Randall and Erin

Removals & Deportation

Persons who do not have status in Canada, who have received a negative decision on an application, or who received a removal order are usually required to leave Canada. Our office has extensive experience helping individuals to navigate all the legal avenues that may be available for them to remain in Canada. We can provide advice about any application that an individual might be able to make or about the option of judicially reviewing or appealing a refused application. We can also assist with requests for the Canada Border Services Agency to defer removal pending other processes. If other options have been exhausted, we can apply for a stay of removal before the Federal Court.

Right to Appeal

A foreign national who holds a permanent resident visa, a permanent resident, or a protected person who has been found to be inadmissible to Canada and received a removal order may appeal to the Immigration Appeal Division (IAD) in limited cases:

  • Certain serious criminality cases – persons who have been convicted in Canada of an offense which is punishable by a maximum sentence of 10 years or more, and for which the person received an actual sentence of less than 6 months imprisonment.
  • Misrepresentation – persons found to have directly or indirectly misrepresented or withheld material facts relating to a relevant immigration matter.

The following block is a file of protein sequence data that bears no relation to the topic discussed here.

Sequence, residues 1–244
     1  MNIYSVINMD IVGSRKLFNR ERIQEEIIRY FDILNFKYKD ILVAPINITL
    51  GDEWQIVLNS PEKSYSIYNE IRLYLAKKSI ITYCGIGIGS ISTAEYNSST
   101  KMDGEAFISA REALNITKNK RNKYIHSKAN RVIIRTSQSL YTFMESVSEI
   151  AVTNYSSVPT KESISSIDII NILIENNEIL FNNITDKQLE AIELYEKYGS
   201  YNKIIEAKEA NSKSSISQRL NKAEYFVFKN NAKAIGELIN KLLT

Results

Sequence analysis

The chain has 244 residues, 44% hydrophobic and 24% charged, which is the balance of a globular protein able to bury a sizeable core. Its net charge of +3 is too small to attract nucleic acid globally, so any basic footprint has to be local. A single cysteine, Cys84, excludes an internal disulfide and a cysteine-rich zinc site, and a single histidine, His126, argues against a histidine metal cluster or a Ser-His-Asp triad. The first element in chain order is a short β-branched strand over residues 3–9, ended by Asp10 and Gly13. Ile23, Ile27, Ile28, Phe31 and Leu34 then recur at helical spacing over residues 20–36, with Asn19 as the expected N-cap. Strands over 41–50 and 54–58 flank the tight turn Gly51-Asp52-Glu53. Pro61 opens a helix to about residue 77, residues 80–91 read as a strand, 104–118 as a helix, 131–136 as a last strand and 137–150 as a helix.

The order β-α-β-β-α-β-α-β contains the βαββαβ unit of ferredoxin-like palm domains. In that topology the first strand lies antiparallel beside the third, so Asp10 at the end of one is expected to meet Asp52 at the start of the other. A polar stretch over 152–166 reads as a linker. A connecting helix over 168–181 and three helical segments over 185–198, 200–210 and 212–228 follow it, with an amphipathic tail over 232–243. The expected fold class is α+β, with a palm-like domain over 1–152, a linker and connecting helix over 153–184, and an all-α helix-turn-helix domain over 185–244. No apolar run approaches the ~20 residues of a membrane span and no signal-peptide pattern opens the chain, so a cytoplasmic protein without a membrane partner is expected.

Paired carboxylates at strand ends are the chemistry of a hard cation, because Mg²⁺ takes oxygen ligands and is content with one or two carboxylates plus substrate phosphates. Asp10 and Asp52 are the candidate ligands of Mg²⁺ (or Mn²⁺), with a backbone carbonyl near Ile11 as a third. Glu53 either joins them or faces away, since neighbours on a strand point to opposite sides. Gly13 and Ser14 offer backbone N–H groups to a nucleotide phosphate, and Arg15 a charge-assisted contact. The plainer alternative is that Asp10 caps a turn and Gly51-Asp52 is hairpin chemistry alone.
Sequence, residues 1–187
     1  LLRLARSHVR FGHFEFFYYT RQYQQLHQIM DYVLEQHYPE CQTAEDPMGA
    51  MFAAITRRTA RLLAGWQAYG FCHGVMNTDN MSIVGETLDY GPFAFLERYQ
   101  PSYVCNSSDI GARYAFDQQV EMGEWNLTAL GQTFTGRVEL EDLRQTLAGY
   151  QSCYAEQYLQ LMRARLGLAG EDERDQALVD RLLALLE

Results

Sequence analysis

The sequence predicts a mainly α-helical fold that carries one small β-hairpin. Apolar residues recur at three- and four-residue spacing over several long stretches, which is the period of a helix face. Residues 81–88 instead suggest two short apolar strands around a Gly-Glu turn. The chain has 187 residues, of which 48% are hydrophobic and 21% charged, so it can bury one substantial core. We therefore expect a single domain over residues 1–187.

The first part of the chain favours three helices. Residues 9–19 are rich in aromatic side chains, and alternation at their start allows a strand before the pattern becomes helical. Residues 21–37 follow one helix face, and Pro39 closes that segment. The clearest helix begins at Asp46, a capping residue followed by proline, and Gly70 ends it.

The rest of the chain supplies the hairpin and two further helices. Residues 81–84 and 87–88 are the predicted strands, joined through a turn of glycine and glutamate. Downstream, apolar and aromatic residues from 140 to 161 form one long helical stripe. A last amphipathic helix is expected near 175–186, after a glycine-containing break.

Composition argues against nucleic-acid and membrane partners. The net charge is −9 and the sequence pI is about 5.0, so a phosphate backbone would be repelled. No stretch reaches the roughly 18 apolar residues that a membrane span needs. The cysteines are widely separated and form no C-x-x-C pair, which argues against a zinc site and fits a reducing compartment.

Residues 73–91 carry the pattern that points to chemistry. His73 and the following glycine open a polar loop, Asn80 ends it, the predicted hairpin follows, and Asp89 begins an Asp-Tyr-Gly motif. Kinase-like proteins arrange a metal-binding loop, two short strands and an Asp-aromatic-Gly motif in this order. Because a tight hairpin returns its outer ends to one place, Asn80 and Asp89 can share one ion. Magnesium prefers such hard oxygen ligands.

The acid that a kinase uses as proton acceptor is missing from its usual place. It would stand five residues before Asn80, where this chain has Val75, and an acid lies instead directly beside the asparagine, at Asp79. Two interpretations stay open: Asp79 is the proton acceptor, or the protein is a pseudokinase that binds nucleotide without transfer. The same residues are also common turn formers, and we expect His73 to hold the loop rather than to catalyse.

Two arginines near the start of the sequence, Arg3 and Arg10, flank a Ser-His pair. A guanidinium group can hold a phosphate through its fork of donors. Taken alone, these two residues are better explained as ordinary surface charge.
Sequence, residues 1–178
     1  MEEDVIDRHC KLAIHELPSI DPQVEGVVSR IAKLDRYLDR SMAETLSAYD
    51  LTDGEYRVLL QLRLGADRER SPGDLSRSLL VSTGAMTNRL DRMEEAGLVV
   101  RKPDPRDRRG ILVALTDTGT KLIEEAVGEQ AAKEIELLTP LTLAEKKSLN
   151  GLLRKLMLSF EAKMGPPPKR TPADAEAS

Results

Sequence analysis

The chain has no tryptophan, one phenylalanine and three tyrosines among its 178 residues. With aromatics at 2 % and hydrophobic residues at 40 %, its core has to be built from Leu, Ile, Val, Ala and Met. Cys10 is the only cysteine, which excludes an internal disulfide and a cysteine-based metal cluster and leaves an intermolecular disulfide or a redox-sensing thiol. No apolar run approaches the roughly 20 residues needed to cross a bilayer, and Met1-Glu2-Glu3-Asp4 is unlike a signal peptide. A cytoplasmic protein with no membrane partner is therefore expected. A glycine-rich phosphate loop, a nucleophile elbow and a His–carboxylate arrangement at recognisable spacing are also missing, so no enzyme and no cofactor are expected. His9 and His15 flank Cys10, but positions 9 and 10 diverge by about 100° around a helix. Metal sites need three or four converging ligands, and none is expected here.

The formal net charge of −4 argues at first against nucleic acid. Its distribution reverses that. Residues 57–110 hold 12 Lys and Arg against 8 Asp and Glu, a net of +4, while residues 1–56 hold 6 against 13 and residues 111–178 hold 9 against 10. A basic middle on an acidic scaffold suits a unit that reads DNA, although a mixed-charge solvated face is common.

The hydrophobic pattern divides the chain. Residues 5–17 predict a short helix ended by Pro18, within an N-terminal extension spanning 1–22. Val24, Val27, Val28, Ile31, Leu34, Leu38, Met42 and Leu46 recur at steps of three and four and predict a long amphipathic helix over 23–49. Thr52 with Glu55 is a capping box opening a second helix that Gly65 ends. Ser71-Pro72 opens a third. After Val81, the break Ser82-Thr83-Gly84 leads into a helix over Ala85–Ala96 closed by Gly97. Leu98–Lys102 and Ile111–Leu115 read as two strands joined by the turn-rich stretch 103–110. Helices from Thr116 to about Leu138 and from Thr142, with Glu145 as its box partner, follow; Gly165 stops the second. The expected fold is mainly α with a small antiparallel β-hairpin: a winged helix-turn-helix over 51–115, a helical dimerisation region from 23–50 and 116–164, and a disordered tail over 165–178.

Protected persons would also have access to the IAD in the following cases:

  • Regular criminality – persons convicted of any offence, punishable by less than 10 years imprisonment in Canada, and for which the person was sentenced to 6 months or less.
  • Health grounds – persons with a health condition found likely to endanger public health or public safety.

There is no access to the IAD by persons found to be inadmissible on grounds of security, a violation of human or international rights, organized criminality, or serious criminality that occurred outside Canada or carried a sentence of 6 months or more in Canada. The Minister can appeal against any decision by the Immigration Division not to issue a removal order in these cases.

Appeal Process

A Notice of Appeal and a copy of the removal order must be filed at the IAD within 30 days after the person receives the removal order. An Appeal Record is then created by either the Minister or the Immigration Division, depending on the type of decision that is being appealed, which is then sent to the Appellant.

A hearing date is scheduled by the IAD, when the Appellant/counsel will appear before a Member of the IAD to argue their case. Twenty days before the hearing, the parties must submit all relevant documents that they wish to rely on and a list of witnesses. The parties then have 10 days to submit any documents in response to the documents submitted by the other party. In the case of a medical refusal, relevant medical reports must be filed and served 60 days before the hearing.

Preparing an Appeal

The Appellant can use witness testimony and physical documentary evidence to prove their case. This can include materials such as support letters from family, friends and colleagues, letters of employment/volunteer work, school certificates and records, photographs or videos, tax assessments, bank statements, pay stubs, title certificates, medical or psychological expert reports, country condition reports and news articles.

Grounds of Appeal